U.S. House Approves Bill Allowing Banks to Help Marijuana Businesses
A Los Angeles medical marijuana dispensary proprietor prepares his monthly tax payment: ,000 in cash. The U.S. House has passed legislation that would make it easier for cannabis companies to access financial services. Jae Hong/The Associated Press
The U.S. House easily passed legislation Wednesday that would help marijuana businesses in states where they are legal to open bank accounts, get business loans and access other types of financial services.
Supporters said the bill, called the Secure and Fair Enforcement Banking Act or SAFE Banking Act, would keep communities safe by preventing marijuana businesses from operating on a cash basis. Cash-only businesses can attract thieves and make it harder for law enforcement to monitor financial transactions.
“This bill is about public safety, accountability and respecting states’ rights,” said Rep. Ed Perlmutter, a Colorado Democrat and co-author of the legislation, in remarks on the House floor before the vote. Perlmutter first introduced a version of the bill in 2013.
While the legislation was backed mostly by Democrats, it did garner bipartisan support: 229 Democrats, 91 Republicans and one independent voted for the bill. One Democrat joined 102 Republicans voting against it.
North Carolina Rep. Patrick McHenry, the top Republican on the House Financial Services Committee, opposed the legislation, calling it a half-answer to the larger problem of marijuana legalization.
“We owe it to our constituents, and the public, to have a serious debate on the underlying issue,” he said on the House floor. McHenry also said the legislation leaves several questions unanswered, such as whether it will allow drug cartels to access the banking system.
Banks and credit unions that serve the marijuana industry currently risk prosecution because federal law classifies the plant as a dangerous drug. The House bill and companion legislation in the Senate would shield financial institutions from federal penalties, giving banks and credit unions the go-ahead to serve marijuana businesses in more than 30 states where medical or recreational marijuana sales are legal.
While marijuana businesses have since 2014 been able to access limited banking services thanks to guidance from the U.S. Justice and Treasury departments, advocates for the marijuana businesses say the services available are insufficient. For example, marijuana businesses can’t get traditional business loans or process credit card transactions, and they often pay high fees.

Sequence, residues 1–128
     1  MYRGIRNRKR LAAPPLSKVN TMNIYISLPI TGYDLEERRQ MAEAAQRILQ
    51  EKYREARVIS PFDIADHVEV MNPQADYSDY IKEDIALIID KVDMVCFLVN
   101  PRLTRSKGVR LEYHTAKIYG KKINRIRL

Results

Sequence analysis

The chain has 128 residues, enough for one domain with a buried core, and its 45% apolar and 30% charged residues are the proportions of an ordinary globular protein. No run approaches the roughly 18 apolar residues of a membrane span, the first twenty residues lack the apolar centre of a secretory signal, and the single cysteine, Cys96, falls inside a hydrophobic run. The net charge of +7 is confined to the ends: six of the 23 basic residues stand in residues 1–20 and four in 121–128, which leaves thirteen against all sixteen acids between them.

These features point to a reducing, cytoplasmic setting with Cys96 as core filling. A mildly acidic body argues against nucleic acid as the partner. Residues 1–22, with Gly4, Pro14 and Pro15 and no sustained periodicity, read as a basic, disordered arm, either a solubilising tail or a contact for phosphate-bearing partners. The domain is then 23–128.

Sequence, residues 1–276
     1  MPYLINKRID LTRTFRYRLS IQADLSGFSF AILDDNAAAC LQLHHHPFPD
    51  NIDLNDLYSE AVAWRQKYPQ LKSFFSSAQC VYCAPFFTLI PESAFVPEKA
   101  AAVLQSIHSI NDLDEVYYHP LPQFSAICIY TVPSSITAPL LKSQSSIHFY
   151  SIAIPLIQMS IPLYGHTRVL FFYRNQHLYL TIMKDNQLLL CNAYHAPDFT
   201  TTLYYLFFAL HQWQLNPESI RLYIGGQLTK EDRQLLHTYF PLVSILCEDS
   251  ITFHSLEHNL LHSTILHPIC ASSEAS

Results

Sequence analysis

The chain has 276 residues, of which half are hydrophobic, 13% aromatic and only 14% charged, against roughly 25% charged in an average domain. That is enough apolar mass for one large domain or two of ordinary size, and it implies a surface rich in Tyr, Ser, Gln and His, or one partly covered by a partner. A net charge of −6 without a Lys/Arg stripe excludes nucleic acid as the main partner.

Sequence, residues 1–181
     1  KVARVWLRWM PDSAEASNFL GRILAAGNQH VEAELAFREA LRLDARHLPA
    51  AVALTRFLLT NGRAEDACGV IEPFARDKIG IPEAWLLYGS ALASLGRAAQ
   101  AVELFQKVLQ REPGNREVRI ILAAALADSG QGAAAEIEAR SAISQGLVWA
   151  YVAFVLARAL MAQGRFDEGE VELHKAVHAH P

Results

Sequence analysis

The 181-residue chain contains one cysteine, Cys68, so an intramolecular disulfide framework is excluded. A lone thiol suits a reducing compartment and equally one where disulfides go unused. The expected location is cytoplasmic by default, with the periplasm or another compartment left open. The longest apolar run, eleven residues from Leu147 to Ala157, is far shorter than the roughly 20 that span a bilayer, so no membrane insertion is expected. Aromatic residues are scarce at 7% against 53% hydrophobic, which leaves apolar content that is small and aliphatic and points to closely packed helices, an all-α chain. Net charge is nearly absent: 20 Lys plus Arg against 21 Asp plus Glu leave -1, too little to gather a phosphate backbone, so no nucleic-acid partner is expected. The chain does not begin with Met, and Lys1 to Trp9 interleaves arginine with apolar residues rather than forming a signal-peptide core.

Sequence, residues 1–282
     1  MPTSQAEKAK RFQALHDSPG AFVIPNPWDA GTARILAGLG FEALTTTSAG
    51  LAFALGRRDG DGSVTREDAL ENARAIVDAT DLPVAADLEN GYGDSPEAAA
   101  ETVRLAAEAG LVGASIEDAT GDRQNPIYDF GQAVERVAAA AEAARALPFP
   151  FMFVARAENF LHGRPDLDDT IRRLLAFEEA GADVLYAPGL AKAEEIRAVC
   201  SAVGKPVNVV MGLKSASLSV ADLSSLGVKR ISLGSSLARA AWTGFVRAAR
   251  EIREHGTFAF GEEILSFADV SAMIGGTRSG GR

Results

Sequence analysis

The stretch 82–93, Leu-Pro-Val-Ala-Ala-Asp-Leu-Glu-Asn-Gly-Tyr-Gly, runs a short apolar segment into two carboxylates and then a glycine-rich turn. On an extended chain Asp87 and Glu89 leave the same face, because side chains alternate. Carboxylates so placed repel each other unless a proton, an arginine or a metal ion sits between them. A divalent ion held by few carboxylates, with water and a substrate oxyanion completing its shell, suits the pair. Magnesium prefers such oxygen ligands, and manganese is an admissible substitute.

The SAFE Banking Act would encourage financial institutions to offer a more comprehensive and less expensive set of services. The American Bankers Association, Credit Union National Association and other banking trade groups backed the legislation, as did key cannabis industry groups.
“Having worked alongside Congressional leaders to resolve the cannabis industry’s banking access issues for over six years, it’s incredibly gratifying to see this strong bipartisan showing of support in today’s House vote,” said Aaron Smith, executive director of the National Cannabis Industry Association, in a statement.
The legislation’s fate in the Senate is uncertain, however. Idaho Sen. Mike Crapo, the Republican chairman of the Senate banking committee, told Politico earlier this month that he wants to hold a committee vote on cannabis banking legislation. But Mandi Critchfield, communications director for the senator, said in an email to Stateline that Crapo has not taken a position on the SAFE Banking Act nor has he planned any markups of the bill.
Some liberal Democrats and civil rights groups have argued that the government’s priority should be a more comprehensive marijuana legalization law — such as the proposal from California Sen. Kamala Harris, a 2020 Democratic presidential candidate — that would expunge criminal records, reduce sentences for low-level marijuana offenders and direct money toward communities hurt by the federal war on drugs.
Several Democratic supporters of the SAFE Banking Act stressed in remarks ahead of the vote that the banking bill was a first step toward addressing a wider range of cannabis policy concerns. “This will provide momentum that we need for further reform that we all want,” said Oregon Rep. Earl Blumenauer.
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